“So when you get into these tariff discussions,” McDermott says, “South Carolina is sitting in the cross hairs because when you look at big, big products, like BMWs, 80 percent of the exported cars go through the Charleston port.
“Now in terms of NAFTA, if you screw around with NAFTA too much, what is really going to hurt is you are going to see an increase in the price of cars. With cars you can’t do global sourcing; it is regional sourcing, usually within a 400-mile radius because you have a lot of just-in-time delivery.
“In the South, what they are worried about more is selling into Mexico and Canada. We make a lot of tires that go to Mexico. We know that Canada and Mexico have been increasingly important markets for South Carolina. We know a lot of that is related to manufacturing, particularly auto systems manufacturing.”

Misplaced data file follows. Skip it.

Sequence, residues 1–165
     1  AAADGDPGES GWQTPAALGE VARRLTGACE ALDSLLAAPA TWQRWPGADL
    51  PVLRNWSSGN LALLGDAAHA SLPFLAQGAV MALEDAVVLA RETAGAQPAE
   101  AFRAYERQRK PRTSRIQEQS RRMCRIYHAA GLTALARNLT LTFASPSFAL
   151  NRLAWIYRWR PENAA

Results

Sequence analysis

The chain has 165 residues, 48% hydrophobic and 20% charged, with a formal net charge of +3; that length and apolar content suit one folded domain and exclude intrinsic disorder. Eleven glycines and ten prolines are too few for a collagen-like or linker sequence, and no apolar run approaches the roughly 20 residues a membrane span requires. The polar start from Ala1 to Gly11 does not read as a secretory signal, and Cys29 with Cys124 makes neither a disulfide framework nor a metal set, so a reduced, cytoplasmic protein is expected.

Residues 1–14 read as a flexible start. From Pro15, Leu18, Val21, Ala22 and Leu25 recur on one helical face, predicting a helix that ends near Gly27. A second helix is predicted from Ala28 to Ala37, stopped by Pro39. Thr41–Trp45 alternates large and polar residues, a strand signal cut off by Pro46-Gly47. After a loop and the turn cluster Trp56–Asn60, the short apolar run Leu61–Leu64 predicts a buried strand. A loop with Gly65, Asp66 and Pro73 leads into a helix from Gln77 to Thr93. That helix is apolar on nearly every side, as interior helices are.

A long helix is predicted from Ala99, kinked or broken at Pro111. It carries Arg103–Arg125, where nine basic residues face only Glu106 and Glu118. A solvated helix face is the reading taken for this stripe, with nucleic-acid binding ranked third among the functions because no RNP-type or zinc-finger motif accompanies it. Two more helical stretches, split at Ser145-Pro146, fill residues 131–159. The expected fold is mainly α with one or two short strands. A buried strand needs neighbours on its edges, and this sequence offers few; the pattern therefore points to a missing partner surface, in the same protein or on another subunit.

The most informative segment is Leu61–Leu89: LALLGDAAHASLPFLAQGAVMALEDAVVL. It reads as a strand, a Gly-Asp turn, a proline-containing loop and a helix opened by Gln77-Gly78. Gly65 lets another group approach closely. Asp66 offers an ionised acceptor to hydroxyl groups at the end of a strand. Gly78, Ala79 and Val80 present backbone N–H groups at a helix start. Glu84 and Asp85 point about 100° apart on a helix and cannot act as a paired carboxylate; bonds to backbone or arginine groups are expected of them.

The auto industry has been adding jobs in the United States for several years. In July, more than 972,000 people worked for car and parts companies, 40,000 more than a year earlier, according to the Bureau of Labor Statistics. Manufacturers have added more than 300,000 jobs since 2009, many of them in the South.
But, says Dziczek, that may change.
’The main takeaway so far is there is no giant influx of jobs coming into the U.S.,’’ she says.
Industry analysts say consumers might be pulling back on spending because of tighter credit conditions and more expensive vehicles and the new agreement will push production costs higher on foreign products — parts and vehicles — which, eventually, will be paid by American consumers.